The Justices also collaborate with one another in complex ways. Opinions are assigned, and a Justice who lacked the intellectual virtues could be assigned opinions that were less challenging. A justice who knew her own limitations could defer to other members of the Court who she admired and respected--following their lead in conference and seeking their counsel on difficult and complex issues. It seems at least plausible that the Supreme Court could accommodate a justice or two who lacked the intellectual virtues: Justices who aren't "smart" could be "carried" by their colleagues, at least to some extent.
Even given the collaborative nature of judicial work, the presence of even a single weak justice could do damage to the work of the Court. As I write, I am thinking of an opinion on an issue with which I am very familiar written by a current member of the Court that was simply incompetent--causing turmoil in the law and substantial frustration in the lower courts. It was a difficult issue, and my guess is that it was assigned to a law clerk who had almost no exposure to the issue as a student. Of course, there are many possible reasons for a badly drafted opinion making it into the United States Reports, but in this case, one plausible explanation is that the Justice assigned the opinion did not understand the legal issue and the structure of the doctrine, and hence could not assist the clerk. For whatever reason (the issue was not a "hot button" issue, perhaps the badly drafted opinion came late in the term), other members of the Court did not step in. The result was bad law.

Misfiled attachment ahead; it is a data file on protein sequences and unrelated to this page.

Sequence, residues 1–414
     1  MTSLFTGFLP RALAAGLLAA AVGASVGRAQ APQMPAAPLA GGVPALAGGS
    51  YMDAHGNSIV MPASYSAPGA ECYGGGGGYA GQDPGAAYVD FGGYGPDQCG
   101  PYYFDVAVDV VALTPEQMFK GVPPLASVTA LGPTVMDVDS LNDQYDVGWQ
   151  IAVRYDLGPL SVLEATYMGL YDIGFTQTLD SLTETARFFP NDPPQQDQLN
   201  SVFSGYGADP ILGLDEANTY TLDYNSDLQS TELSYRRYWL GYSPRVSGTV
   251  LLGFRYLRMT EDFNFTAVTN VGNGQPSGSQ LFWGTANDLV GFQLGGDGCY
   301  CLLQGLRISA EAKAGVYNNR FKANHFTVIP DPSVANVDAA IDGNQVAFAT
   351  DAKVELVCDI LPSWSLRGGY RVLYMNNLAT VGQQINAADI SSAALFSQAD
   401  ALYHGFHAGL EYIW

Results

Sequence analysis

Do Supreme Court Justices need to be "smart" to be "good"? I don't know what that question means. What I do know is that the Supreme Court would function badly if most of its members lacked the intellectual virtues. A Court of dumb and foolish Justices would do serious harm to the law.
And what I strongly suspect is that the Court will function best if some of the Justices are truly brilliant--possessed of a very high degree of both theoretical and practical wisdom.
We tend to focus our evaluations of the Court on the bottom-line in hot button cases, and those cases are defined in part by the underdeterminacy of the law. In cases like that, many of us care most about the way the Justices vote. And therefore, we judge them by their values and not by their virtue. But the Court does more than decide a few hot button cases a year and a few transformational cases in each quarter-century. The Supreme Court is charged with care of the woof and warp of federal law--with creating a coherent and workable set of legal doctrines that affect the lives of ordinary people and the functioning of institutions in myriad ways. That task requires intelligence.
Update: Levin responds:
Thanks for your comments. I hope that our readers take the time to read them.
I don't think I really disagree with you, but I think we are about different things. So let me clarify some points.
1. Obviously, "smart" and "good" are vague terms. As for "good," I acknowledged the vagueness in my previous post on the subject, though should have noted it as well here. As for "smart" and "brilliant," of course I mean whatever those who are talking about this mean.
2. And I do NOT think they mean what you do.